Texas grid survives energy demand, but concerns remain over ERCOT’s summer preparedness

More record heat translated to more record energy demand Monday leading ERCOT to call on Texans to conserve energy during the hottest part of the day. Thankfully, power supply was able to keep up, meaning no rolling blackouts.

"One of the reasons is it looks like demand is not coming in quite as high as was expected," said Austin-based energy expert Doug Lewin, president of Stoic Energy.

Still, the grid did set a new demand record around 4 p.m. Monday, more than 78,000 megawatts, narrowly exceeding the previous record which just was set on Friday.

"People are paying a lot more attention to this since Winter Storm Uri. Obviously, we all are. But, you know, it's not unusual for it to be a little tight in the summer, for us to have a lot of people using a lot of energy and for the conditions to be tight," said Jennifer Herber, spokesperson for Austin Energy.

Those conditions led ERCOT to raise its alert status to yellow Monday afternoon. If it reaches red, that means residents should prepare for outages. Black means ERCOT has instructed local utilities to begin controlled outages.

"I am very concerned about August. I mean, we typically have hotter days in August than we do in July. And I just don't think the PUC and ERCOT have done what they need to do to be ready for this," said Lewin.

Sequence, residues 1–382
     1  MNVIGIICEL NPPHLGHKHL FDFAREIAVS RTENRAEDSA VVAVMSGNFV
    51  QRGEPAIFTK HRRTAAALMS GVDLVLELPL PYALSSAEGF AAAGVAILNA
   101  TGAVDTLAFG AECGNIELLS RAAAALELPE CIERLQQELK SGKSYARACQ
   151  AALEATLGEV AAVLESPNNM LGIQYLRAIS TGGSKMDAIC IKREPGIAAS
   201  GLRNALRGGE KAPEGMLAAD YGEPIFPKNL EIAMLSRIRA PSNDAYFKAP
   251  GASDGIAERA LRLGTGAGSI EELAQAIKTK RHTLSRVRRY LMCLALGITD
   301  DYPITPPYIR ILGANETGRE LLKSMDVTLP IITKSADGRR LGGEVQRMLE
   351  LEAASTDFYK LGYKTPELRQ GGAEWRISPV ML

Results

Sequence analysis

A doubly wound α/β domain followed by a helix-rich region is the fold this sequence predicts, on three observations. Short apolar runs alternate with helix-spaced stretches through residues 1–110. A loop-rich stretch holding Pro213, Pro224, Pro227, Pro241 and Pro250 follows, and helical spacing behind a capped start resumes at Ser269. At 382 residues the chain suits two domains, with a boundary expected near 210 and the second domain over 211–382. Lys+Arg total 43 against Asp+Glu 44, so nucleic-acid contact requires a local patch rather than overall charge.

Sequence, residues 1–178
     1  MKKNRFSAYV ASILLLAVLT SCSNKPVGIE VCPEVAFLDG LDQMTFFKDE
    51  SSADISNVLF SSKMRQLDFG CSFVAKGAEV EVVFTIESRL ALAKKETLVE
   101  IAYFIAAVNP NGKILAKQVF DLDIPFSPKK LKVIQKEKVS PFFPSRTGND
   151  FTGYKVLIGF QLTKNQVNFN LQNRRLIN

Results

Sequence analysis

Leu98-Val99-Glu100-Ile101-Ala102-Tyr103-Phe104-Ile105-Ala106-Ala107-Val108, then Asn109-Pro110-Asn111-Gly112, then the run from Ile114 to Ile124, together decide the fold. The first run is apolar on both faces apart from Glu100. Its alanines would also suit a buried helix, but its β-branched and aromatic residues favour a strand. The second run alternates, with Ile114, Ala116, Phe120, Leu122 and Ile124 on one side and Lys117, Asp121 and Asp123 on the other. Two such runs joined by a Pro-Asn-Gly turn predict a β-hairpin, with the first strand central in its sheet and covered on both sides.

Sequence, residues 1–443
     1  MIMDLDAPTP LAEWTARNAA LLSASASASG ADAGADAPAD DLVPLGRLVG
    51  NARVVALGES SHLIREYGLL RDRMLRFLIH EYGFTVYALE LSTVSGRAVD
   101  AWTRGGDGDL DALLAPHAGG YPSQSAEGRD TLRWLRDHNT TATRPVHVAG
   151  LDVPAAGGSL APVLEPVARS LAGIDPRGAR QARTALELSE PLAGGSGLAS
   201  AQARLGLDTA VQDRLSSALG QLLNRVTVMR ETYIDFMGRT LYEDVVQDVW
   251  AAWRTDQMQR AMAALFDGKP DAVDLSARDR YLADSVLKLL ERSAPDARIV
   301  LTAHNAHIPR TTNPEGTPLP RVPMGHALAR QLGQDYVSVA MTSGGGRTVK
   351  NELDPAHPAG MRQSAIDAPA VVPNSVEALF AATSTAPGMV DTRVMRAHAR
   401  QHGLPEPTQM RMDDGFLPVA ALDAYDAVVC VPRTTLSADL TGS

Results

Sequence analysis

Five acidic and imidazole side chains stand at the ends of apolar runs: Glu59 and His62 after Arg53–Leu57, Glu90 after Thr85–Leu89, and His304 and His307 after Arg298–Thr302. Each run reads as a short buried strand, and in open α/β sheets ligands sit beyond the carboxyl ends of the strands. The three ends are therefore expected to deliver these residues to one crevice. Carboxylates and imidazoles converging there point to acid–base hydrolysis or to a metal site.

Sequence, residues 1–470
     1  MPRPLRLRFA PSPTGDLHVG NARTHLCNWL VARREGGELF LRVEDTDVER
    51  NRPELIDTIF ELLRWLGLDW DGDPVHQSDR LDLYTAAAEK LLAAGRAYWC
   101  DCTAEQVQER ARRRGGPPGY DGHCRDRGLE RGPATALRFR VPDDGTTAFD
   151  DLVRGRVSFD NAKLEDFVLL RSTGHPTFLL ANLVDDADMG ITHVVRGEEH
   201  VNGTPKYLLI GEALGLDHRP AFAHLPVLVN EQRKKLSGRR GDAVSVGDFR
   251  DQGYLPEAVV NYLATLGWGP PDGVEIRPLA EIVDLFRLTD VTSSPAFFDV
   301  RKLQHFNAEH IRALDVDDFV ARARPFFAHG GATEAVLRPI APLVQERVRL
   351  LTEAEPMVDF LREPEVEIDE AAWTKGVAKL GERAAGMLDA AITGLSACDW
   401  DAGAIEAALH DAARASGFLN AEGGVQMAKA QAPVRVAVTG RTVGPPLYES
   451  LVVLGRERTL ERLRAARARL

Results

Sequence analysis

For its part, Austin Energy says it is prepared for the worst.

"If that were to happen, Austin Energy and all the electricity providers that are part of the grid would have to do our part to cut power to some of our customers," said Herber. "The outages would be much shorter in duration and hopefully we can rotate them among our customers."

So, what got us here? Lewin says two big reasons are population growth and climate change.


"The lack of planning for climate change, the lack of baking that into their models is really a big part of the story and a part of the problem here," said Lewin.

He’s urging state energy officials to focus more on incentivizing energy efficiency going forward, rather than just conservation.

"Austin does a good job with energy efficiency. But as a state, we are dead last among the 30 or so states that have an energy efficiency goal," said Lewin. "And we've got a reliability crisis. Clearly, we're experiencing that today. We also have an affordability crisis and energy efficiency would be a way to help people with that aspect of things as well."

There were some localized outages in parts of Central Texas Monday, including in Central and East Austin. Those were caused by equipment issues, according to Austin Energy. 

The Public Utility Commission of Texas says none of the outages were due to a lack of reserves.